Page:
3. We did Taming of the Shrew and someone said it. The girl who was originally in the role of Kate was kicked out of school a week or less before opening night. (Luckily we had some badass chick pick up the role and memorize the whole thing) Then, in the middle of the show, a guy who didn’t speak English very well put popcorn in the microwave backstage and set it for THREE HOURS. Mid performance, the smoke alarms went off, and the whole theatre was evacuated and audience, actors, and crew had to wait for the fire department.

    Another time, during Oliver!, someone had muttered the Scottish play, and I tried to make them undo the dirty deed, but with no success. Later that day, I had been hanging and focusing lights on our huge, 20’+, wooden a-frame ladder. When it was time to pack it up, the a-frame came down and dislocated my shoulder.

  4. My freshman year we did the Scottish Play and even though our theatre teacher told us about the curse and the reversal, people said it still and things went wrong. Our lead forgot his lines, the fog machine didn’t turn on, etc.
    well, after the performances were over, we had a sub one day who said the name 8 TIMES in the theatre while I was sitting there nervously.
    Sophomore year- on Friday the 13th, we performed our musical Legally Blonde when someone said it backstage. Well, as it goes, a few mics went off when people were onstage and then during one of Elle’s and Emmett’s duets in the second act, the lights went off on Emmett as he was singing.
    From here on out, I’m still weary of it because I know that something bad will happen. And when people say it and say I don’t care or don’t do the reversal, I do it for them.

  5. So we were reading the play in class and I was telling my friend who was helping me in the theater about it, and said it. I don’t know why, but I didn’t bother doing the reversal, I had a lot to do, and later as I was hanging some string lights on a fly line upstage of an electric, I promptly dropped a bulb and it shattered all over the floor. And later in the show, someone screwed up bringing the lights in and the cable that traveled from the fly line to the electric got disconnected and they didn’t work for an entire show because I didn’t notice them during my light check.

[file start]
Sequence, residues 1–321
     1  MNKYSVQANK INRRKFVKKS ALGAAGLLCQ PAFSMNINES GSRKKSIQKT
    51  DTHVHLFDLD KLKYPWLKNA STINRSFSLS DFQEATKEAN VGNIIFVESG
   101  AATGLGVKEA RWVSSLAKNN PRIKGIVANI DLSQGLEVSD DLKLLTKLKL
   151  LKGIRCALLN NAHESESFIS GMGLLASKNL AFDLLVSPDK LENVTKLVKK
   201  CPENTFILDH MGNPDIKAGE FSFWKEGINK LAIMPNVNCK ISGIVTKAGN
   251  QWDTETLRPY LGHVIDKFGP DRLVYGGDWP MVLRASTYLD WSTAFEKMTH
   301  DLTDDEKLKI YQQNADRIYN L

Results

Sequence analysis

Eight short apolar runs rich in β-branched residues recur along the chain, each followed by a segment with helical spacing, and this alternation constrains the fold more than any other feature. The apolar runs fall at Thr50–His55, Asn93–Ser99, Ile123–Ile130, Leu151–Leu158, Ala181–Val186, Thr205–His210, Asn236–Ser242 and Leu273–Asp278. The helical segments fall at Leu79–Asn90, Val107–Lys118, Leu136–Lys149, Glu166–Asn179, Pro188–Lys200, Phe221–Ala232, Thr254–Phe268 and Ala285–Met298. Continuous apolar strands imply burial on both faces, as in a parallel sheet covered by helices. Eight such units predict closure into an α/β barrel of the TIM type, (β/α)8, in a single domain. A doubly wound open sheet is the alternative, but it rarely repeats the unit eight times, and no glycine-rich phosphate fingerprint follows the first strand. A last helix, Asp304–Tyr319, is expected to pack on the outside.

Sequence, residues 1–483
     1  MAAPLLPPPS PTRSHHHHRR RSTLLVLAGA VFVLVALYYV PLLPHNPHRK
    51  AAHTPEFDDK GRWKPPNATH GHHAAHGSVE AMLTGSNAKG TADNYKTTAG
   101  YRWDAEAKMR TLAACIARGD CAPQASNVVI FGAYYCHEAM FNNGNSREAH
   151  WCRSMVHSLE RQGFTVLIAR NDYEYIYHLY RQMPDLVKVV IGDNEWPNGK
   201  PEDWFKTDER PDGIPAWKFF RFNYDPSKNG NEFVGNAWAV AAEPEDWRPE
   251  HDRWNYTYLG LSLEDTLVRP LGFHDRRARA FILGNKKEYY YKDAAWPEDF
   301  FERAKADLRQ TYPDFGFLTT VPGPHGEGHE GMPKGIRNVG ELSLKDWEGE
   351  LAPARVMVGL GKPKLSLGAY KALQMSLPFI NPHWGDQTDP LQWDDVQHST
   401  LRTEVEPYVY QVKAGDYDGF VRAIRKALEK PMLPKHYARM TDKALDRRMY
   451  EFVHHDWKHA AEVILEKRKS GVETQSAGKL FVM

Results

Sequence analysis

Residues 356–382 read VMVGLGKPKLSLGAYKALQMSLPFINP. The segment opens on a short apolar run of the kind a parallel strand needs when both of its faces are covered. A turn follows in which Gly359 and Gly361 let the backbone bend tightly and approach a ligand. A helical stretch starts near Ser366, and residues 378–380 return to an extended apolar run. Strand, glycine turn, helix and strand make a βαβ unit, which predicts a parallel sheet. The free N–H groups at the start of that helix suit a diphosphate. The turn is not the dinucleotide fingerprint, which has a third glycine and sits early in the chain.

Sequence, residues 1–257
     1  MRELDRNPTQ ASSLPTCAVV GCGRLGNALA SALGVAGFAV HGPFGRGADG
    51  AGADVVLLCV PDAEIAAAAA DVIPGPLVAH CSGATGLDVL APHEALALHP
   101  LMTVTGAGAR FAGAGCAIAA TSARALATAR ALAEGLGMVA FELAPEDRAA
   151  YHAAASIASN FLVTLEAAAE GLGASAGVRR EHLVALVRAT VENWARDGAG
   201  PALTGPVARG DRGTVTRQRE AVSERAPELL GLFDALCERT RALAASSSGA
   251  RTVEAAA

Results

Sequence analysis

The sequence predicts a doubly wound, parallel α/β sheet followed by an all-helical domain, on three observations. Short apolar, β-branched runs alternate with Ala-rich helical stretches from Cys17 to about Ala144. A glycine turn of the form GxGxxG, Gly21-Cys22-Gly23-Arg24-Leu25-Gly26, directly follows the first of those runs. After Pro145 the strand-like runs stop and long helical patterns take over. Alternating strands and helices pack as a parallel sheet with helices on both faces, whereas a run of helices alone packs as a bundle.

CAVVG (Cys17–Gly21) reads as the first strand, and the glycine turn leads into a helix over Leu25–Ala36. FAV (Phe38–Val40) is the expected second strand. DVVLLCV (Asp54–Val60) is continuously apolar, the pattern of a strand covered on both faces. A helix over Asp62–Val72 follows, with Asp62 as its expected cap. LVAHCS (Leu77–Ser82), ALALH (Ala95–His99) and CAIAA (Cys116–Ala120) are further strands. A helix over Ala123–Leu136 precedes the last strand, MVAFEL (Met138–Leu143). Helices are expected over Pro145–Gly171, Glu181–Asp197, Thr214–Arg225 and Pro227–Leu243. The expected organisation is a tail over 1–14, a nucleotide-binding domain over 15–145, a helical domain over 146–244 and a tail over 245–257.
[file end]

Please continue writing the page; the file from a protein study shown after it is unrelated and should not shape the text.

6. My school was doing our dress rehearsal for a play called The Penelopiad. The first half went great but then in the interval we were sitting around talking and about 4 people said the name of the Scottish play – they thought it was no big deal but the rest of us new it was. Sure enough in the second act we accidentally skipped over entire pages of the script, then a costume ripped before finally the school alarm went off and we had to stop. The night we wrote up an apology letter to Dionysus, the God of theatre, asking him to remove the curse & we stuck the letter up backstage. This seemed to work because the rest of the show went really well.

  7. My sophomore year of high school we were doing Children of Oedipus. I was playing Ismene and my director thought that in the blocking I should go up on King Creon’s throne to show how I’ve lost it. King Creon would then pull my down the stairs and throw me onto my knees. We had done this plenty of times before so it was simple. Right? Wrong. Apparently while we were on stage, a guy in the show started saying the M word backstage. He didn’t believe in the curse and wanted to test it out. When I fell on my knees, I landed wrong and tore my Medial Meniscus in my right knee. I ended up having to get surgery. But, the guy that said it didn’t get away free! Senior year while doing a show our director had written, someone said it backstage. However, Karma got him and the platform under him broke and fell on top of him, along with a couldron full of dry ice. Just goes to show you that you don’t mess with the curse.